SAMHSA Webinar on Homelessness Prevention
The longer someone has been homeless, the more difficult—and expensive—it becomes to restore stability. An April 2011 expert panel on homelessness prevention hosted by SAMHSA with USICH participation highlighted pertinent research and specific strategies for preventing homelessness before it becomes a long term crisis for both individuals and public systems. This webinar, conducted on January 24, 2013 included participants from that panel and draw from information gained from that expert panel discussion. USICH created a fact sheet on the guiding principles and strategies gleaned from that panel and can be another resource along with this webinar.
Homelessness prevention has been the focus of growing interest in the field. Not only is this a compassionate strategy, but it makes better fiscal sense. Once people have become homeless, it quickly becomes more difficult—and more expensive—to return them to sustainable self-sufficiency. Though the evidence base for homelessness prevention is in its early stages, recent efforts with the Homelessness Prevention and Rapid Re-housing Program (HPRP) and a history derived from federal initiatives provide information on lessons learned and suggest strategies that should be examined, studied, evaluated, and implemented.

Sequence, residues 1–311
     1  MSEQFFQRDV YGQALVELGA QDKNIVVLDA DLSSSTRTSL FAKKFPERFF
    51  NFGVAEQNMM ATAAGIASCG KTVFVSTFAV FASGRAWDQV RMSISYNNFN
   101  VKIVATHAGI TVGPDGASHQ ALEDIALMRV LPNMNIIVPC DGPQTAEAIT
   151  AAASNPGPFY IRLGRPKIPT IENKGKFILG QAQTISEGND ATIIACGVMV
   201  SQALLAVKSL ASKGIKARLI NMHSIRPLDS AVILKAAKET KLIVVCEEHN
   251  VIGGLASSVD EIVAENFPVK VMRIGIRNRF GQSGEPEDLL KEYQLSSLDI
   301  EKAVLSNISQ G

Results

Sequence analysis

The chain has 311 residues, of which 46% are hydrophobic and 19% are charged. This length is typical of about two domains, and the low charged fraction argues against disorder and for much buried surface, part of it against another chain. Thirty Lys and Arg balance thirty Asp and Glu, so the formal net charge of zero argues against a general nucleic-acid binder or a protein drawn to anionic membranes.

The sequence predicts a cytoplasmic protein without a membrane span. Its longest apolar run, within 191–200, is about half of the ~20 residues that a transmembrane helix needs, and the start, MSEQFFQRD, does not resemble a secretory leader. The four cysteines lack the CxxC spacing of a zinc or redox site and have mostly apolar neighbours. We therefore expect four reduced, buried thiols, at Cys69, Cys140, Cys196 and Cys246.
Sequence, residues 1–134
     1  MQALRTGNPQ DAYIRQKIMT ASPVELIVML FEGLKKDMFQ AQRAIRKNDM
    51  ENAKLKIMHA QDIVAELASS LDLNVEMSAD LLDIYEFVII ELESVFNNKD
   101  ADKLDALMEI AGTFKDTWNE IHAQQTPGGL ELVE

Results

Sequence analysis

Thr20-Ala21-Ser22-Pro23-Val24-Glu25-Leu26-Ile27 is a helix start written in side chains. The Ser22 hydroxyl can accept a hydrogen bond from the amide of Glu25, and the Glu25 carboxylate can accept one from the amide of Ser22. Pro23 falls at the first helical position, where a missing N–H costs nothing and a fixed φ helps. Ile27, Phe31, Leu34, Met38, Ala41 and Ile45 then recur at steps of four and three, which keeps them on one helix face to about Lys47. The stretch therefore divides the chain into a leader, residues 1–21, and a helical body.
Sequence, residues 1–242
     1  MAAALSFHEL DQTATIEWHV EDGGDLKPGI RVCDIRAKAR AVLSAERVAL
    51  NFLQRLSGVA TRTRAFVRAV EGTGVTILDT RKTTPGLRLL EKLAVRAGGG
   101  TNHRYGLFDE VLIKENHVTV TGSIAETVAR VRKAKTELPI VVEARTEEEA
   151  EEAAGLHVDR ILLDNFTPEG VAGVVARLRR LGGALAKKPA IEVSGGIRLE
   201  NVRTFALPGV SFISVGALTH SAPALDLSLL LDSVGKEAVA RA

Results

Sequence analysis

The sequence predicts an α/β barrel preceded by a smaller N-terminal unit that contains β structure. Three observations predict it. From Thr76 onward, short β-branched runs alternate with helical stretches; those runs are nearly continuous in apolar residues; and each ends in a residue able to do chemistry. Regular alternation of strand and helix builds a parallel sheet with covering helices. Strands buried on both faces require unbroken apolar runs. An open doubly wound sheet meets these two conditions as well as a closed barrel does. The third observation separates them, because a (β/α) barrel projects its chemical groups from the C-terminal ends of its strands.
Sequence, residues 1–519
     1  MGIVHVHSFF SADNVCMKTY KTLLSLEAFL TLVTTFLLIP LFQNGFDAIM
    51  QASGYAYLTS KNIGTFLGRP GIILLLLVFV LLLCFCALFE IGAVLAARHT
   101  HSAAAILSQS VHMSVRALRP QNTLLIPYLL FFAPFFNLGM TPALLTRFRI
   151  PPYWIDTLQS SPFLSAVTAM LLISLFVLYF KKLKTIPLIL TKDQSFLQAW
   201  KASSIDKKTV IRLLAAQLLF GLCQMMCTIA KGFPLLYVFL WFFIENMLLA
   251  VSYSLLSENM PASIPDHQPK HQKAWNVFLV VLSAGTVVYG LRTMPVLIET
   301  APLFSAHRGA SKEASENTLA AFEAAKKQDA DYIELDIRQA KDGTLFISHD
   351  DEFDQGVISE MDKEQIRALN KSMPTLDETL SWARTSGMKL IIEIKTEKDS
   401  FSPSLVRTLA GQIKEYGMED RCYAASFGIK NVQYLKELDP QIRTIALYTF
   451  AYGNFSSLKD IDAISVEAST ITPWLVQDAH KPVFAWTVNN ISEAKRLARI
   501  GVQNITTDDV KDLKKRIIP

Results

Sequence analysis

This 90-minute webinar offered an opportunity for providers and policymakers to hear about innovative homelessness prevention strategies and guiding principles articulated by the experts involved in the expert panel event. The webinar offered lessons learned from a range of federal initiatives, strategies to prevent homelessness, and insights from the field.
- Jennifer Ho, Deputy Director of the United States Interagency Council on Homelessness (USICH), will serve as Moderator.
- Martha Fleetwood is Founder and Executive Director of HomeBase, an organization that has worked for more than 25 years to help states and communities implement effective systems and programs to prevent and address homelessness and poverty.
- Marybeth Shinn, Ph.D., a Professor of Human and Organizational Development at Vanderbilt University, has focused much of her work on individuals who face social exclusion due to poverty, homelessness, and/or mental illness. Recent projects have included an examination of the impact of targeted homelessness prevention services in New York City.
- Jamey Burden, M.S.W., is Director of Housing Programs at Community of Hope in Washington, D.C., where he is responsible for developing and overseeing the agency’s four housing and supportive services programs.
You may also download the slides from the green box on the right